Nassar also worked with USA Gymnastics as a doctor for several women's Olympic teams. 

Nassar pleaded guilty Wednesday morning to sexually assaulting Denhollander and six other women. Denhollander is also among the more than 140 women and girls who have filed lawsuits agaisnt MSU, USA Gymnastics and Nassar. 

John Manly, a California attorney, represents many of those women and girls. During the news conference Wednesday he said MSU President Lou Anna Simon should either release findings from the university's internal investigations or resign.

“These young women and these young girls deserve justice, and they deserve to know who knew what, when," Manly said. "And the truth is, Michigan State is hiding that information. And when institutions hide information there's a reason. Lou Anna Simon was the president of the NCAA when Penn State happened, and praised Penn State's decision to hire Louis Freeh and do an independent investigation. The only investigation of Michigan State in this case that's occurred, is by their own attorneys. In my experience, your own attorneys rarely find you guilty.”

“As they have done before, today the plaintiffs’ attorneys have made accusations against the university claiming it is engaged in a ‘cover up of misconduct by university administrators.’ The university unequivocally denies this accusation. Moreover, MSU has consistently promised if it were to find any employee knew of and acquiesced in Nassar’s misconduct, the university would immediately report it to law enforcement.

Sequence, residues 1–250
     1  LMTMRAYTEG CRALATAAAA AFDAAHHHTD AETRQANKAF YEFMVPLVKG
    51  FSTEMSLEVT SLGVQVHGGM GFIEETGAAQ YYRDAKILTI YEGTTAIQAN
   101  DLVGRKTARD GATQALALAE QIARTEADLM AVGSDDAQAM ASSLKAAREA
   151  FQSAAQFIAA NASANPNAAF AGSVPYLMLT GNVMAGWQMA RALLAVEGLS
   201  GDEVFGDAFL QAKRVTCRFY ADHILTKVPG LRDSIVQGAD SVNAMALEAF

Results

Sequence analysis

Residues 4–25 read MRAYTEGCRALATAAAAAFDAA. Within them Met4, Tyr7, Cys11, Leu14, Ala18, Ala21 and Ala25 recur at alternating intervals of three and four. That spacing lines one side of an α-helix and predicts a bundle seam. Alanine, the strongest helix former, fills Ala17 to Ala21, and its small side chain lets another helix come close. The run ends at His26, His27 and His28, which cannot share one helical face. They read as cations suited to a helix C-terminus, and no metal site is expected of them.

Cody also said the FBI, in conjunction with MSU's own police department, conducted a joint investigation this year focused on "whether any university employee other than Nassar engaged in criminal conduct." He added that the results of that investigation were sent to the U.S. Attorney for the Western District of Michigan, and "We have no reason to believe that any criminal conduct was found."